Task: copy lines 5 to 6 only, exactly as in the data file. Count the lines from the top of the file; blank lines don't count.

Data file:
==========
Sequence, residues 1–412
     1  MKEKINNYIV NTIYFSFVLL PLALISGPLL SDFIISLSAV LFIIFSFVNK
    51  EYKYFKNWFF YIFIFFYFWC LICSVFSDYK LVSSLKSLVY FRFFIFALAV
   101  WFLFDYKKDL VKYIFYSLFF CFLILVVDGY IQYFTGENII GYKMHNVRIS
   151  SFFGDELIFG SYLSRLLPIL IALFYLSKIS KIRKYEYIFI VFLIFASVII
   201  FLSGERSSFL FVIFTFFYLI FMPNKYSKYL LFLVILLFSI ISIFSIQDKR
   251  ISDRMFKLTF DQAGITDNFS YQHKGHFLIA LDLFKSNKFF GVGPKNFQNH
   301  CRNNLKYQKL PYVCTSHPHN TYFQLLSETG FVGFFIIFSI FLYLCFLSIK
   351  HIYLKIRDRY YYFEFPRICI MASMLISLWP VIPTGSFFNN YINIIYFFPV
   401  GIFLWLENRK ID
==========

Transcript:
   151  SFFGDELIFG SYLSRLLPIL IALFYLSKIS KIRKYEYIFI VFLIFASVII
   201  FLSGERSSFL FVIFTFFYLI FMPNKYSKYL LFLVILLFSI ISIFSIQDKR